5 Cautions About Emphasizing Leadership Over Followership

DucksLeadership matters. A lot.

But sometimes I wonder if we’ve elevated the value of church leadership over a much more important biblical trait – followership. Also known as discipleship.

Before any of us are leaders, we’re all supposed to be followers of Jesus.

At best, any leadership authority we have in the church is reflected and borrowed leadership from Jesus himself.

Paul encouraged the Corinthians to “follow my example as I follow the example of Christ.” The very strong implication of that statement is that if the leader stops following Jesus, we should stop following that leader.

That’s why church leaders need to be very careful to be followers of Jesus first. In fact, our followership should be more obvious than our leadership.

Another phrase for this is “servant leadership.” And the order of those words matters. Being a servant always comes first.

When we forget this, bad things can happen. I don’t need to go over the list of Christian leaders that have fallen. But it’s hard to think of any Christian servants that have fallen.

If you’re in church leadership – a high, noble and important calling – here are five cautions we should all be aware of:

 

1. A Servant Leader Is Not a Boss

Bosses are in charge. What they say, goes.

But Jesus gave his disciples a different way to look at leadership:

Jesus called them together and said, “You know that the rulers of the Gentiles lord it over them, and their high officials exercise authority over them. Not so with you. Instead, whoever wants to become great among you must be your servant, and whoever wants to be first must be your slave – just as the Son of Man did not come to be served, but to serve, and to give his life as a ransom for many.” – Matthew 20:25-28

The pastor isn’t the boss of the church. Jesus is. And even he came to be a servant first.

 

2. If We Have to Remind People We’re the Leader, We’re Not

One phrase that should never come from a pastor’s mouth is “I’m in charge here!”

The moment we feel the need to say that, we’re no longer leading.

Certainly there will be belligerent and toxic people in the church. Those who try to usurp authority. But the answer to that problem isn’t to assert our authority. It’s to re-assert Jesus’ authority.

 

3. It’s Not Our Responsibility to Create a Vision Or Mission Statement

A lot of churches went through a season several years ago when we became obsessed with writing Mission Statements. I’ve addressed that in the article, Your Church’s Mission Statement: Do It First, Write It Later.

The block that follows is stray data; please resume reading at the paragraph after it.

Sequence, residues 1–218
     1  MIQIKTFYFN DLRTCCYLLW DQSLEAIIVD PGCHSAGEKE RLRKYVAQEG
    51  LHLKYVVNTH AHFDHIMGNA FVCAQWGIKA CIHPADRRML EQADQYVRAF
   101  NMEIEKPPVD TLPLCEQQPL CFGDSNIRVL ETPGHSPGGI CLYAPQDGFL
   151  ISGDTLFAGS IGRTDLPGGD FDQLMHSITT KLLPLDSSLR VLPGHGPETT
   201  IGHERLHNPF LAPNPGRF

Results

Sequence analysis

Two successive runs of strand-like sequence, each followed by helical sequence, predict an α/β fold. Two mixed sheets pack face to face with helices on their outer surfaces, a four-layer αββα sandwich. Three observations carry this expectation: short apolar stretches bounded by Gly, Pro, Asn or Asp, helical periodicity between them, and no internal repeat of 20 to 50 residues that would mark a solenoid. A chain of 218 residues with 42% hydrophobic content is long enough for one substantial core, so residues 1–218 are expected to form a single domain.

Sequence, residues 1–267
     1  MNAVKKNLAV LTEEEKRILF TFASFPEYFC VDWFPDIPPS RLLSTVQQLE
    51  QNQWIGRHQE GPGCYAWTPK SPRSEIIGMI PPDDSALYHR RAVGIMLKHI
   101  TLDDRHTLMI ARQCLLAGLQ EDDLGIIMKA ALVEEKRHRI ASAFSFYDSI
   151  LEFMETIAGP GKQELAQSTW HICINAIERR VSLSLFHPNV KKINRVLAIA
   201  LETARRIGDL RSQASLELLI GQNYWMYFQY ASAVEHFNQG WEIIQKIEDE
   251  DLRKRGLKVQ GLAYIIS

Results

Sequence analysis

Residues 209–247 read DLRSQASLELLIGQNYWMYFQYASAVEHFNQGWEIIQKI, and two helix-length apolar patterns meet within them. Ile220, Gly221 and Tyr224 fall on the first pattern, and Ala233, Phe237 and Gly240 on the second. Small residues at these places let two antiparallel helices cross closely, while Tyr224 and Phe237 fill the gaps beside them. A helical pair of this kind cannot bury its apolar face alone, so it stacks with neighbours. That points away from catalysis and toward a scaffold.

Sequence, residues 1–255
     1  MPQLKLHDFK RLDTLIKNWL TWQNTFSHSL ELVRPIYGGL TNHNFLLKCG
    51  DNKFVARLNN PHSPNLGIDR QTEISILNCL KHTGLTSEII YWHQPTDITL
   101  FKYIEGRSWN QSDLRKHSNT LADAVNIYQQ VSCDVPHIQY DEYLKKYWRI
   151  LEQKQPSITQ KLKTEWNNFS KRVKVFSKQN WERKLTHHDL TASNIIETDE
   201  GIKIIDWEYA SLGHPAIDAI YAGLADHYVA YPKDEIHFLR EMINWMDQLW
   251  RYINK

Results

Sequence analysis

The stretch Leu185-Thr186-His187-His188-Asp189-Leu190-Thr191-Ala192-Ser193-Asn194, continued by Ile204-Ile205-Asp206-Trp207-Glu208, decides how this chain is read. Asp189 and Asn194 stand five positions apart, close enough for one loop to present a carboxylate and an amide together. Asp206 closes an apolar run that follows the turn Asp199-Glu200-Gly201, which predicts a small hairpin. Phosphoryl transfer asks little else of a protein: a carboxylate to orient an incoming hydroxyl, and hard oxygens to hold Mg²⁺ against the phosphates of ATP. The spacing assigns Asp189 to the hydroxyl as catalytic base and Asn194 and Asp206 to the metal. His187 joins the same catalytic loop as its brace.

I’ve also dealt with some of the problems with top-down vision-casting in, 5 Problems With Top-Down Vision-Casting – And a New Testament Alternative, so I won’t go into that in detail here either. But I will summarize the issue this way.

Servant leaders don’t make, cast or reinforce their own vision or mission. We’re simply called to remind people of  the Great Commandment and the Great Commission. Then equip people to follow Jesus in doing both.

 

4. Don’t Take Credit We Don’t Deserve

Leaders, bosses, pastors, teachers and other authority figures have to fight the very strong pull towards receiving more praise than we deserve.

Especially in our self-esteem-obsessed culture, it’s good to be reminded of the words of the Apostle Paul when he wrote, “…Do not think of yourself more highly than you ought, but rather think of yourself with sober judgment, in accordance with the measure of faith God has given you.”

True servant leaders think more highly of Jesus than they do of themselves.

 

5. If Our Church Can’t Make It Without Us, It’s Not Healthy

The primary task of pastors is not to do the work of ministry. It’s not to get people to buy into our vision. And it’s certainly not to create a culture of dependency on us and our leadership skills.

Our calling is to equip the saints.

A church filled with people equipped to do the work of ministry is a well-led church. It’s also a church that is more dependent on Jesus than on the pastor.

Servant leadership is not about doing ministry for others. It’s also not about getting them to do ministry for us.

It’s about helping other Jesus-followers be better Jesus-followers by being better Jesus-followers ourselves.

 

So what do you think? Have you emphasized leadership over your own followership?

We want to hear from you. Yes, you!
Enter your comment right below this post and get in on the conversation.

 (Ducks photo from Pedro Ribeiro Simoes • Flickr • Creative Commons license)

Print Friendly, PDF & Email

2 thoughts on “5 Cautions About Emphasizing Leadership Over Followership”

  1. Awesome! Great way to “reframe” our concept of church leadership and our role as pastors. This blog post, like many of yours, helps provide a healthy “counter” option to what the church culture of the past has promoted: bigger is better, along with CEO type pastoral leadership to get you bigger! There have been several great “strong church leaders” who have brought great vision-casting and blessing to big churches and the American church in general…yet there is a bigger picture of serving and this is a healthy reminder that CEO type leadership is not necessarily Jesus’ calling for pastoral leadership. Thanks.

  2. Pingback: 38 Great Links for Leaders, Readers, and Creatives, February 21, 2015

Leave a Comment

Your email address will not be published. Required fields are marked *